#40 – Andrew Palmer on Using AI To Help Your Website Workflow

#40 – Andrew Palmer on Using AI To Help Your Website Workflow

On the podcast today we have Andrew Palmer.

Andrew has been in the WordPress space for many years as a product owner and open source advocate. He founded and later sold Elegant Marketplace, and more recently is the co-founder of Bertha.ai, which is a WordPress plugin which assists you in creating text content directly in the WordPress admin.

If you’ve not played with AI, then you might be surprised by how good it’s becoming. A few years ago, anything written by a computer would be easy to distinguish from that of a human. These boundaries are becoming blurred, as systems like GPT-3 have become remarkably adept at rapidly creating content which is useful and competent.

Many SaaS products have come to the market which enable you to create AI content by seeding it with a small amount of information. Andrew’s product is a little different because it allows you to create that content within the WordPress editor and a raft of page builders.

We get into how you can create AI content and when it’s suitable to do so. Can you rely on the text that’s created and hand over complete editorial control to the plugin, or does the generated content still need human intervention?

We also dig into some aspects of AI which have people concerned. Are we going to become too reliant on AI tools, and will they put copywriters out of work? Will people create content simply to swamp the search engines and make it harder for truly important information to rise to the top?

There’s a lot of functionality in the plugin and Andrew tells us some of the possible scenarios where he feels it works best. Creating titles, longer form text, and even sprinkling in a little sarcasm here and there.

Typically, when we record the podcast, there’s not a lot of background noise, but that’s not always the case with these WordCamp Europe interviews. We were competing against crowds and the air-conditioning. Whilst the podcasts are more than listenable, I hope that you understand that the vagaries of the real world were at play.

Useful links.

Elegant Marketplace


[00:00:00] Nathan Wrigley: Welcome to the Jukebox podcast from WP Tavern. My name is Nathan Wrigley.

Jukebox is a podcast which is dedicated to all things WordPress. The people, the events, the plugins, the blocks, the themes, and in this case how AI can speed up your website building workflow.

If you’d like to subscribe to the podcast, you can do that by searching for WP Tavern in your podcast player of choice. Or by going to WPTavern.com forward slash feed forward slash podcast. And you can copy that URL into most podcast players. If you have a topic that you’d like us to feature on the podcast, I’m very keen to hear from you, and hopefully get you all your idea featured on the show. Head over to WPTavern.com forward slash contact forward slash jukebox and use the form there.

So on the podcast today we have Andrew Palmer. Andrew has been in the WordPress space for many years as a product owner and open source advocate. He founded and later sold Elegant Marketplace, and more recently is the co-founder of bertha.ai, which is a WordPress plugin, which assists you in creating content directly in the WordPress admin.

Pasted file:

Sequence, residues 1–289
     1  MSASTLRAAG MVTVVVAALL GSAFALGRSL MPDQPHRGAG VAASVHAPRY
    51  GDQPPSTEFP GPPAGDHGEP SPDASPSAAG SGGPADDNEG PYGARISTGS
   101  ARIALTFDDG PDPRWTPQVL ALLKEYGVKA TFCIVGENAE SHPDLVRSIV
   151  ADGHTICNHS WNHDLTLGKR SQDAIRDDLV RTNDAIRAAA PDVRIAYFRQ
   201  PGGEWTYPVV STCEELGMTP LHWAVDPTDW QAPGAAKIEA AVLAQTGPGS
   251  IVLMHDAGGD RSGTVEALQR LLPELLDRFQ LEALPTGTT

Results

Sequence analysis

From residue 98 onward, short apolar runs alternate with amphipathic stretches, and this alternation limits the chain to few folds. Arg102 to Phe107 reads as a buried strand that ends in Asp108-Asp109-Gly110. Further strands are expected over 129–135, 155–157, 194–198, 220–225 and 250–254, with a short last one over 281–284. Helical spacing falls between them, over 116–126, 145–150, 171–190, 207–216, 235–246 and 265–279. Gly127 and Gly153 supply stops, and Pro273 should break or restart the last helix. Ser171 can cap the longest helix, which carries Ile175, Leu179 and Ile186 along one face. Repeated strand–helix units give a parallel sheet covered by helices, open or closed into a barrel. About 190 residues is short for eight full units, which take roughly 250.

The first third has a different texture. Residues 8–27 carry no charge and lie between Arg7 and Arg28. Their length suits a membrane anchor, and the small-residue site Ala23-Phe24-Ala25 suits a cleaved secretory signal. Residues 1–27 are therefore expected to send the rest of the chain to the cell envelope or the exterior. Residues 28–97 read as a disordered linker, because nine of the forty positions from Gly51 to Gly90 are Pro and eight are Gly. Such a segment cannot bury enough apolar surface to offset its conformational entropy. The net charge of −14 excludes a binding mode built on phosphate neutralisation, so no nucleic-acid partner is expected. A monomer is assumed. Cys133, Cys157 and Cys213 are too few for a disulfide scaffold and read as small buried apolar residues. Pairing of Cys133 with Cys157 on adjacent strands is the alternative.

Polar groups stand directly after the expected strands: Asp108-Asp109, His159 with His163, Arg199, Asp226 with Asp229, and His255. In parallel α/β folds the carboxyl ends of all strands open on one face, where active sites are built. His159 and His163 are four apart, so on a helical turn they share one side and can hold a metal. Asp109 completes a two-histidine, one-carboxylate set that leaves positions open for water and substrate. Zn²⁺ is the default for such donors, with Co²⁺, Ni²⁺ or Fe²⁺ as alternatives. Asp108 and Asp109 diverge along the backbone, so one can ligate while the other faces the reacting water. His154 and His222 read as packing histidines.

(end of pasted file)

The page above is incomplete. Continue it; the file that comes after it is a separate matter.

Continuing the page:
If you’ve not played with AI, then you might be surprised by how good it’s becoming. A few years ago, anything written by a computer would be easy to distinguish from that of a human. These boundaries are becoming blurred, as systems like GPT-3 have become remarkably adept at rapidly creating content which is useful and competent.

Many SaaS products have come to the market which enabled you to create AI content by seeding it with a small amount of information. Andrew’s product is a little different because it allows you to create that content within the WordPress editor and a raft of page builders.

We get into how you can create AI content and when it’s suitable to do so. Can you rely on the text that’s created and handover complete editorial control to the plugin.? Or does the generated content still need human intervention?

We also dig into some of the aspects of AI which have people concerned. Are we going to become too reliant on AI tools and will they put copywriters out of work? Will people create content simply to swamp the search engines and make it harder for truly important information to rise to the top.

There’s a lot of functionality in the plugin, and Andrew tells us some of the possible scenarios where he feels it works best. Creating titles, longer form text, and even sprinkling in a little sarcasm here and there.

Typically when we record the podcast, there’s not a lot of background noise, but that’s not always the case with these WordCamp Europe interviews. We were competing against crowds and the air conditioning. And whilst the podcasts are more than listable, I hope that you understand that the vagaries of the real world where at play.

If you’re interested in finding out more, you can find all of the links in the show notes by heading over to WPTavern.com forward slash podcast. And you’ll find all the other episodes there as well. And so without further delay, I bring you Andrew Palmer.

I am joined on the podcast today by Andrew Palmer. How are you doing Andrew?

[00:04:02] Andrew Palmer: I’m very good. Nathan. Thanks very much for inviting me on.